Identical twins Blain and Paul Hatch not only look alike but also have the same job: Juneau police officer.
But they didn't always agree on their choice of vocation. ``My brother always wanted to be one, but I thought, `Are you nuts?''' said Blain.
He changed his mind when he was in his late teens and Juneau Police Lt. Ron Forneris took him along on patrol for a couple of hours. ``It was wild and crazy. It looked like fun,'' Blain Hatch decided.
``It's unique and sometimes comical because they are identical; they're like bookends,'' said Police Chief Mel Personett.
``They are really neat guys, and separate individuals -- as well as each other's best friends. We had to separate them because people don't believe they're twins, because of the problem of identification. And also because of the Sullivan Brothers in World War II. But it's been a real positive thing for everybody involved'' to have twins on the force, Personett said.
(The five Sullivan Brothers served on the heavy cruiser USS Juneau during World War II. When all five went down with the ship, the Navy set a policy that does not allow siblings or family members to serve on the same ship.)
The Hatch twins were born in Utah 30 years ago. When they were two months old, they moved to Funter Bay, where their maternal grandfather, Louis Love, was a commercial fisherman. Blain has been with the police department for seven years as of June 1. Paul's ninth anniversary is coming up in November.
Each has certain specialties within law enforcement. Blain attended DWI instructor school and arson investigation school. He participates in the Kid Safe program, which teaches children how to cross streets, how to bike safely, and about the importance of wearing bicycle helmets.
Blain is also a child safety seat technician. Over 90 percent of child safety seats are installed incorrectly because they vary so much, he said. ``If somebody needs help, they can make an appointment, drive up and I check it out,'' he said.
Paul knew earlier than Blain that he wanted to be a police officer.
``I was in awe of an officer in uniform when I was in middle school,'' Paul said. ``And I liked the idea of being a good guy.'' As he becomes older, what he likes is the variety: ``You are not stuck behind a desk all the time.''
Paul attended college in Florida for two years before his stint at the state Public Safety Academy in Sitka.
His specialties include being radar instructor for the department and serving as a field training officer for new officers during their 14-week training.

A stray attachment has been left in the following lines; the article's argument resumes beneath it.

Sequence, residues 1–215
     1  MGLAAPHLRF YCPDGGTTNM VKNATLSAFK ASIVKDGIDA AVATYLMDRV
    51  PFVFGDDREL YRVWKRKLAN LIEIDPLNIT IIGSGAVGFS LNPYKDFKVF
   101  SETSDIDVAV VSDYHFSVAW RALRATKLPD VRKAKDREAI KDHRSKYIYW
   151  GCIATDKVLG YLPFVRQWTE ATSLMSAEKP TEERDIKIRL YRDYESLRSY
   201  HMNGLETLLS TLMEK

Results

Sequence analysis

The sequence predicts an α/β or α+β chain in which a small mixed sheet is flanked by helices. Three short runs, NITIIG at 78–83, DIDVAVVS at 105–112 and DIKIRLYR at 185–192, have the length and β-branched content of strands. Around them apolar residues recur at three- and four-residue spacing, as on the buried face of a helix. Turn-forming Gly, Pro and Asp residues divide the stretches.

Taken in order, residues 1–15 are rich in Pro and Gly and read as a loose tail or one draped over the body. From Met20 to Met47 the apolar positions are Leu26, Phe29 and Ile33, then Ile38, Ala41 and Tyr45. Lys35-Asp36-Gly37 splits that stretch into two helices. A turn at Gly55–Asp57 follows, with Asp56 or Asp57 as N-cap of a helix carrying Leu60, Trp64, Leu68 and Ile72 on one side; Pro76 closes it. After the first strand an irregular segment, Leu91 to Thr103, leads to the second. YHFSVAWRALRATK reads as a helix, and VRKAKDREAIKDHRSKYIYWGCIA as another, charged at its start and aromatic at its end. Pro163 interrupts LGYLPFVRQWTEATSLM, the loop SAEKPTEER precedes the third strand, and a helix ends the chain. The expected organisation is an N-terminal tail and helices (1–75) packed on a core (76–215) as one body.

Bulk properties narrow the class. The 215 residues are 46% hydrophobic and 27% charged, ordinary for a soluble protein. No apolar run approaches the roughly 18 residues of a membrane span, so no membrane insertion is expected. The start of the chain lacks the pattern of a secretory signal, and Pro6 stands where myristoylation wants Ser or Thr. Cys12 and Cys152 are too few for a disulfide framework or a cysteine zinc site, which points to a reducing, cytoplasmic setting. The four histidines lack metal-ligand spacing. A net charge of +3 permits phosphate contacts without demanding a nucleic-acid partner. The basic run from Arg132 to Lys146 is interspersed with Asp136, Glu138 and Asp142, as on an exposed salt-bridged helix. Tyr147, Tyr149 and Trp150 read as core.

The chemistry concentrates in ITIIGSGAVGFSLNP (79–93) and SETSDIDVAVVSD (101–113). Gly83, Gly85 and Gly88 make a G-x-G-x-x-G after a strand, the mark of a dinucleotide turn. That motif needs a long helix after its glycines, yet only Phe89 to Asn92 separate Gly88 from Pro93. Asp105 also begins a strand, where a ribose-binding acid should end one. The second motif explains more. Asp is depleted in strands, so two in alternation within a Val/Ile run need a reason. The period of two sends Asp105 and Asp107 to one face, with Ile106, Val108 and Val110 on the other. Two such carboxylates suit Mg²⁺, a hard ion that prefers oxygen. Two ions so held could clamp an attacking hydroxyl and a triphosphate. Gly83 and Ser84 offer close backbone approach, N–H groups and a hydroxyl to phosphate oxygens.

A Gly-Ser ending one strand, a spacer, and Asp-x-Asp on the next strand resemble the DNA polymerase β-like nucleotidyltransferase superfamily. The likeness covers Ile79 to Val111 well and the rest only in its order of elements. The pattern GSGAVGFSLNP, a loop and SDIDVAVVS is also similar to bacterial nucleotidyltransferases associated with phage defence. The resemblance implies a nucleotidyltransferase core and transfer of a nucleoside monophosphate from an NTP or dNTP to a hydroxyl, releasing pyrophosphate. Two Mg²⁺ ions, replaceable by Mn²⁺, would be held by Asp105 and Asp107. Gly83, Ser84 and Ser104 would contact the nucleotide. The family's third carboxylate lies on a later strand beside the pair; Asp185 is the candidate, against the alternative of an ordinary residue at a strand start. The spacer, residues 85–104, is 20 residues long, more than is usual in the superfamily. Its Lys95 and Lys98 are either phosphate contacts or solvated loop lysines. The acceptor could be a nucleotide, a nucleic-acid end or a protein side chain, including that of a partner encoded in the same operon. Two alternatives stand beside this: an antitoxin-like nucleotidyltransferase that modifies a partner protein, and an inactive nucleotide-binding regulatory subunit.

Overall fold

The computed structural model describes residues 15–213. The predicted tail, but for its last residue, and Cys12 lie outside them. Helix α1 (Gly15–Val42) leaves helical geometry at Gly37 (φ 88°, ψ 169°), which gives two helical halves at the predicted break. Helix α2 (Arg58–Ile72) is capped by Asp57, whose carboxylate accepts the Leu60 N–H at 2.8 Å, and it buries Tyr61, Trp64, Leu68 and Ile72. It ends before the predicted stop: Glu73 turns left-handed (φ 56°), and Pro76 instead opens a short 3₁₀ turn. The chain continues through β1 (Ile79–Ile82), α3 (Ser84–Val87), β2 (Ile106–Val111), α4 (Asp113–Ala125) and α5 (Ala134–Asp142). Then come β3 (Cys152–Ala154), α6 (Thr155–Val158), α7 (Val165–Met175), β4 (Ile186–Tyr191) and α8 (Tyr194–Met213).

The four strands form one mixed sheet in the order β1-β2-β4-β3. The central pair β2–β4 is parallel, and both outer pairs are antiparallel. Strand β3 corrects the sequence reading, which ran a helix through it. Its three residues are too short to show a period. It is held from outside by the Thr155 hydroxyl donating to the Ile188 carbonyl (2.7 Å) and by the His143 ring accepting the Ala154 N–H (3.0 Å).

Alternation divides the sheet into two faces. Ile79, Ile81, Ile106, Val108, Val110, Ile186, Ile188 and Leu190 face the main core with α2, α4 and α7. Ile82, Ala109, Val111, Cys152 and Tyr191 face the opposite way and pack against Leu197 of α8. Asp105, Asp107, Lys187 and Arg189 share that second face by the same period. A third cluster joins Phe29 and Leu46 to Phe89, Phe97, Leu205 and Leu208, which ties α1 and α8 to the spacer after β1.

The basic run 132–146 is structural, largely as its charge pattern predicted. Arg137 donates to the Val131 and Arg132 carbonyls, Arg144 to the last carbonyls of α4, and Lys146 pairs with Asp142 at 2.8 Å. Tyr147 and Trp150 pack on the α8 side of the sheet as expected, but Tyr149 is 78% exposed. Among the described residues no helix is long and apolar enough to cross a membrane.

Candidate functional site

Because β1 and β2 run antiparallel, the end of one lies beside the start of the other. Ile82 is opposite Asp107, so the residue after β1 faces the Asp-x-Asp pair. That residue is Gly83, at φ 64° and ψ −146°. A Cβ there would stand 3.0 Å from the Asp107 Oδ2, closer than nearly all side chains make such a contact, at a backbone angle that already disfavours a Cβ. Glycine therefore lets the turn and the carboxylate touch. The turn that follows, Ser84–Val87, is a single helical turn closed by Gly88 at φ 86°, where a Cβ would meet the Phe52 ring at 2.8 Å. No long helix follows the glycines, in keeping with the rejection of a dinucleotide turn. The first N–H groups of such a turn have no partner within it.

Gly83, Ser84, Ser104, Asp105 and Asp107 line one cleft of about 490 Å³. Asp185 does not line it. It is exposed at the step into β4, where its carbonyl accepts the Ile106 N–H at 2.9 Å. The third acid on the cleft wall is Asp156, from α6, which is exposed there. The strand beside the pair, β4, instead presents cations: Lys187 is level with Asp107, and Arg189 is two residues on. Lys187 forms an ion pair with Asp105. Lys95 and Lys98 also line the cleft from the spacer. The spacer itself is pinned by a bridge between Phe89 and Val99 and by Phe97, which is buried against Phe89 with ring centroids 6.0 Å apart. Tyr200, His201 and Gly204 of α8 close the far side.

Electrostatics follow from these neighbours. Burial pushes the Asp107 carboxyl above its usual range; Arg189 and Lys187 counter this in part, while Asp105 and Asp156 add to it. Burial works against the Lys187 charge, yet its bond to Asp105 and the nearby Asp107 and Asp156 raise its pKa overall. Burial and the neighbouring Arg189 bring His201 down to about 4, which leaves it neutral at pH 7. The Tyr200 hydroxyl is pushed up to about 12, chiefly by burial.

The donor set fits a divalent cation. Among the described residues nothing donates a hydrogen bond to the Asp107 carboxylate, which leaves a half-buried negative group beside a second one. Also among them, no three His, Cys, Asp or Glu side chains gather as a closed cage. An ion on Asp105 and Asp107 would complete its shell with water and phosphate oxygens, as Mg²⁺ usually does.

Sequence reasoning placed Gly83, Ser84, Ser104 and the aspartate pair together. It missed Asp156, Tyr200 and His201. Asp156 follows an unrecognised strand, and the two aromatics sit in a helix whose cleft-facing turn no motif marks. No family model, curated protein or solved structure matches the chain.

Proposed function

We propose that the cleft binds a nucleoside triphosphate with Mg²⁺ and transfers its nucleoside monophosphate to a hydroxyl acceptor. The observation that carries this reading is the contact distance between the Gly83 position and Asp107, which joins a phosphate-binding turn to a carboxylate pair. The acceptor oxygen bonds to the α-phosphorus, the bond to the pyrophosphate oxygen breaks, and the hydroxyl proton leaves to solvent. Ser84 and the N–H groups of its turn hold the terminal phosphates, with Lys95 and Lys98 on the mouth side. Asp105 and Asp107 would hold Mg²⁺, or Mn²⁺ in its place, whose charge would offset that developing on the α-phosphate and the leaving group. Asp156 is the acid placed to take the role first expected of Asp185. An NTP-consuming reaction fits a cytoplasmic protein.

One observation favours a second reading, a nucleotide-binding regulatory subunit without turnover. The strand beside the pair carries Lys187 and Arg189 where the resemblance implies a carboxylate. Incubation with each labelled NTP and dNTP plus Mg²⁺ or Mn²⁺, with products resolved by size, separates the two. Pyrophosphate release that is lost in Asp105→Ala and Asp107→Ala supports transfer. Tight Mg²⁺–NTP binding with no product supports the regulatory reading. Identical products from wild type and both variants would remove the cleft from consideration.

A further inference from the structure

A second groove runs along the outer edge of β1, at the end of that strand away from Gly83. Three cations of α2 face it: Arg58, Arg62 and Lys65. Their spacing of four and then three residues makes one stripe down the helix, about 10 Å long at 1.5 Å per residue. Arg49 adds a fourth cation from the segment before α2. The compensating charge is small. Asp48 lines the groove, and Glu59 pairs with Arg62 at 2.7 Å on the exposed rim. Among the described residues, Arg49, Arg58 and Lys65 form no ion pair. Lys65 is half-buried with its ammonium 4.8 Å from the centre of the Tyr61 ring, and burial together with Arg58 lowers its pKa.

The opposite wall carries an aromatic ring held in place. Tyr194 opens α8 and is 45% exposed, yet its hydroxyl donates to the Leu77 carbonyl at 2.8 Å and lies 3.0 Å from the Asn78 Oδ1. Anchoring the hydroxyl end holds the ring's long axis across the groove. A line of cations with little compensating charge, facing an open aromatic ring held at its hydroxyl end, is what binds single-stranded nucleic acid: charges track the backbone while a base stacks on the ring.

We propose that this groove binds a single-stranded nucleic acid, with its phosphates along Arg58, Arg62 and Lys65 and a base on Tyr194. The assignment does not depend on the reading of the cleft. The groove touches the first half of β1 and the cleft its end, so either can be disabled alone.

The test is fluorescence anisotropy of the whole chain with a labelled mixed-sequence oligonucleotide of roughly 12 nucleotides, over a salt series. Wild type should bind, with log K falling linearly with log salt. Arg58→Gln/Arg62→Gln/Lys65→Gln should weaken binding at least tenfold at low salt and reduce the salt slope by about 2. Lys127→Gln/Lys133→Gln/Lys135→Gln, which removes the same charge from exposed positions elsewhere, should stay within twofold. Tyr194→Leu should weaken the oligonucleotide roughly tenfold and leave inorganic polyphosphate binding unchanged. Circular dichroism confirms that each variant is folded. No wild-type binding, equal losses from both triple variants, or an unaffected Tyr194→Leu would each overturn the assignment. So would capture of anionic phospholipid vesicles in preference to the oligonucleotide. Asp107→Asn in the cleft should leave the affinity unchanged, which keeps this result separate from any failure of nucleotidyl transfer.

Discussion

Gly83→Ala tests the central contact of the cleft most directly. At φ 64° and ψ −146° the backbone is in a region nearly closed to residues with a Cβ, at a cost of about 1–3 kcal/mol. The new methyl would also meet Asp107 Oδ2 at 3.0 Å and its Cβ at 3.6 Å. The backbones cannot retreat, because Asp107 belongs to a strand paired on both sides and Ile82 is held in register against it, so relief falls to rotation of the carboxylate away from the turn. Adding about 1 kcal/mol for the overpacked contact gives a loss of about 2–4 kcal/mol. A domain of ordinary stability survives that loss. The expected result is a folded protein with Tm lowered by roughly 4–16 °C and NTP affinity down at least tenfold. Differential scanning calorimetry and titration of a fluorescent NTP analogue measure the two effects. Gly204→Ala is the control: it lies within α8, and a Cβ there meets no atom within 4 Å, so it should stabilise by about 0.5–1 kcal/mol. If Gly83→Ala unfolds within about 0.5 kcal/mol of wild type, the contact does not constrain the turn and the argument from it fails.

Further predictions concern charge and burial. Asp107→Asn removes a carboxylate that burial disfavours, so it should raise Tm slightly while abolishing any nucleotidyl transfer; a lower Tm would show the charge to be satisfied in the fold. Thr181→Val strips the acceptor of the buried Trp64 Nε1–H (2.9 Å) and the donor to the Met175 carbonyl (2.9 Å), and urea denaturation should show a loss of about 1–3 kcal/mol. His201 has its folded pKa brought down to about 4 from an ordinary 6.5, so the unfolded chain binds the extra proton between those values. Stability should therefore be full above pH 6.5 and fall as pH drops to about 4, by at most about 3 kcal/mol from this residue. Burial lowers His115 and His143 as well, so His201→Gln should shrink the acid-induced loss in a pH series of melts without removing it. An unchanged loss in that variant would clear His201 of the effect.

Both are married. Blain and his wife, Tiffany, a dental hygienist, are the parents of a 20-month-old daughter, Lauren.
Paul and his wife, Sharon, a self-employed music teacher, have three children: Justin, 5; Julian, 2; and 5-month-old Cory.
Both serve on the summer bike patrol. ``You get out of a police car and get to interact, big time,'' Paul said.
Blain finishes his thought: ``You are more mobile and it keeps you in shape.''
The differences between the twins include height. Blain is 6-foot-4. Paul is 6-foot-2. And Blain is three minutes older.
Blain takes pride in the fact that he has solved two burglaries in progress in his years on night shift. One was near Lewis Motors early this year. He saw a suspicious man walking at one o'clock in the morning.
``He told me he was walking from a friend's house, but as I left I saw a truck parked with steam coming off the hood and footprints going into cars and into Construction Machinery.''
He called for backup, and found the suspicious person hiding in the woods.
About six years ago, he apprehended a boy, 15, who kept trying to pull a gun and had another seven guns in a backpack. The boy had hidden in Western Auto until it was closed. When alarms went off, authorities couldn't find anyone and thought it was a false alarm. Blain hung around and spotted the boy trying to leave half an hour later.
For the last six years, they've worked 12-hour shifts, and typically work opposite each other. However, when shifts were eight hours long, they sometimes worked together. This occasionally led to amusing mix-ups.
``Nobody ever believes we are twins until they see us again. If I say, `You probably talked to my brother,' they say, `Yeah, right','' Paul said. ``And dispatch can't tell us apart on the radio.''
Once, responding to a call, they were taken for pink elephants: ``This intoxicated guy looks at me on one side and then at my brother on his other side, and then down at the beer in his hand. And Blain says, `Yes, we're twins,' and the guy lifts his can of Bud and glugs it down,'' Paul recalled.
What keeps them in law enforcement? ``The variety of work and doing the best I can do, and treating people the best I would want to be treated in an emergency,'' Blain said. ``We are the first response. Emotions are high, and people aren't always thinking their best.''
``We're sworn to `protect the citizens and the innocent,' and a call just the other day brought that back to me,'' Paul said.
The call was a domestic assault. ``The woman was small and petite and the man towered over her,'' Paul said. ``I stood as a wall between them, and the man was in my face and her face, taunting her. It was a good feeling that I can legitimately help people who can't really help themselves; I can protect them. It's a nice feeling. And the guy went to jail,'' he added.
Blain agreed: ``It's nice to make a difference once in a while.''
For kids considering law enforcement, Blain's advice is, ``You've got to keep your nose clean and be well-rounded. You have to have common sense and intelligence. You have to be able to multi-task and have the ambition to make a difference in the community.''
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